The challenges of a low HTHS viscosity
The Society of Automotive Engineers ( SAE) recently introduced new specifications concerning low viscosity in the J300 motor oil classifications. These new specifications will help OEMs (Original Equipment Manufacturers) to achieve the increasingly stringent requirements in terms of fuel economy. However, this extremely low viscosity may bring many challenges concerning sustainability. Let us explain.
What is viscosity?
Viscosity is the fluidity and/or the thickness of oil. This fluidity and/or thickness is a result of the resistance to flow. And the bigger this internal resistance, the harder it will be for the oil to flow smoothly. The less the resistance, the better the oil flows.
What is HTHS?
HTHS ( High Temperature High Shear) viscosity is the way we measure the ability of fully heated oil (150°C) to run efficiently between the narrow openings of fast-moving engine parts: for example, between piston ring and lining, valve train, gearwheel contact points, and so on.
HTHS can mostly be considered as a positive thing because it contributes to an improvement of fuel economy.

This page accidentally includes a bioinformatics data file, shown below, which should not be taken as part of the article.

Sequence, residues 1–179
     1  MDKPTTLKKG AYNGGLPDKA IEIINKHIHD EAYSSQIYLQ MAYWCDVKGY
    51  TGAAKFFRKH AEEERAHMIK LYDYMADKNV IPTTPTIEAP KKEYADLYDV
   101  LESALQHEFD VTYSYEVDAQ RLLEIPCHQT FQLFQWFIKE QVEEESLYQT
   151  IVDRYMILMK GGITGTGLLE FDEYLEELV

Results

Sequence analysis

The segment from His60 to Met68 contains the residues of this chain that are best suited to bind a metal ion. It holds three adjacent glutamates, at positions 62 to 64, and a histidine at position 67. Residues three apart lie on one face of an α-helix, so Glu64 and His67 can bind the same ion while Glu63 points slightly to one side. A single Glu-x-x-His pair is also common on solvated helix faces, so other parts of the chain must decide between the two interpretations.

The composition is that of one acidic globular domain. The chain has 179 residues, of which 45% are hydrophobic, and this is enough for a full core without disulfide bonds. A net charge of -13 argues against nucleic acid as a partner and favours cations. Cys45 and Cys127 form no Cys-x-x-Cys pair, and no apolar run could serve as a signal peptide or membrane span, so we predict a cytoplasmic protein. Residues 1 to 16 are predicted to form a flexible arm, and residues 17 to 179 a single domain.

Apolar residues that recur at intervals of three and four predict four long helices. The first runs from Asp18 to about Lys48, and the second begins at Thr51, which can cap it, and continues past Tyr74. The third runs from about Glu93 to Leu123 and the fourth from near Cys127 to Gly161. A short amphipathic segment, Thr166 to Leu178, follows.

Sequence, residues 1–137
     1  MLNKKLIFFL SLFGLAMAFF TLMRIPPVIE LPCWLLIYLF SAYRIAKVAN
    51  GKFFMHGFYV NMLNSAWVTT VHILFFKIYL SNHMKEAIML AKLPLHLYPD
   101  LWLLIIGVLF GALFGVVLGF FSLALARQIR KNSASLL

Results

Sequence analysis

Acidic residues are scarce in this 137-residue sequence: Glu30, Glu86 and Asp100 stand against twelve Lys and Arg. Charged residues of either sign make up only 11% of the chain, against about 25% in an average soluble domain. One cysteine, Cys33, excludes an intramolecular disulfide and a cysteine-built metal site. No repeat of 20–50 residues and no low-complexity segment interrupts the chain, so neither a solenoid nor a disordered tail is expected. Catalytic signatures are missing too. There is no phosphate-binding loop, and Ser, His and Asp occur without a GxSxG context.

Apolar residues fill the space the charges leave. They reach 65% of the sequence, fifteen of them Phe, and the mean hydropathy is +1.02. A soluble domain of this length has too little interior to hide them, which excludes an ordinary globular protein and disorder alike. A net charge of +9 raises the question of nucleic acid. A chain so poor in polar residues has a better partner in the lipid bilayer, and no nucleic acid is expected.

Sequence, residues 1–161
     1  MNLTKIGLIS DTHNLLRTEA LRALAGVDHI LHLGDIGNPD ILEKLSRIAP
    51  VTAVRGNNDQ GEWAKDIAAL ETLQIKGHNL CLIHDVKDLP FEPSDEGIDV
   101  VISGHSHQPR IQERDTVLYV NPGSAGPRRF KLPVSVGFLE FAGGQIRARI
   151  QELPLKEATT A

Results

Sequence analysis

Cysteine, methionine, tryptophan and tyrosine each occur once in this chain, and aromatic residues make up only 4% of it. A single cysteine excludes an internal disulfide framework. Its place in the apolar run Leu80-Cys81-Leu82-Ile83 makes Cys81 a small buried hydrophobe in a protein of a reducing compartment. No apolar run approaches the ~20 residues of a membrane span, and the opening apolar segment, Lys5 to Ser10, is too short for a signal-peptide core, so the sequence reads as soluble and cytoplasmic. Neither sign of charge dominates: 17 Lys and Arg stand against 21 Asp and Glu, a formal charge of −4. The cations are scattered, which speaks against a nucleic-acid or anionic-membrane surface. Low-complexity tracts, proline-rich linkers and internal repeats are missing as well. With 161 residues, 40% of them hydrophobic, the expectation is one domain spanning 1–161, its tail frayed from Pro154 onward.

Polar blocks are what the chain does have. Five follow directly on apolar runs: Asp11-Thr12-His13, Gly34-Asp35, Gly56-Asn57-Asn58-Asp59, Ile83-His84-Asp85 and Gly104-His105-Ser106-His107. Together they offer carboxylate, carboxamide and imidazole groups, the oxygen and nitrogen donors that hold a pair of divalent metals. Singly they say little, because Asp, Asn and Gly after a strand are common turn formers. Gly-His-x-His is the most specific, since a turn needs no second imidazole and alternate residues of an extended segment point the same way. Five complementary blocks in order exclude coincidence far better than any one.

What are the challenges?
HTHS-viscosity can result in fuel savings throughout the course of the entire oil change interval. But it can also result in an increased risk of damage and cause critical engine parts to wear out faster. Therefore, the development of new additives for these ultra-thin oils for high-performance engines is crucial.Requirement for new designs
There is a very big chance that engine manufacturers will have to redesign their engines: it is only with the right type of engine that users will benefit from this “new” low-viscosity oil.
- Requirement for new additives
As previously described, new additives must be developed to add to this “new” oil. This brings many challenges with respect to the maintenance of the correct protection and durability – within the correct oil formulas.
- Currently for passenger vehicles only
For the time being, these innovations are only applicable to hardware for passenger vehicles. Manufacturers developing engines for heavy goods vehicles are carrying out research, but have yet to deliver any concrete results.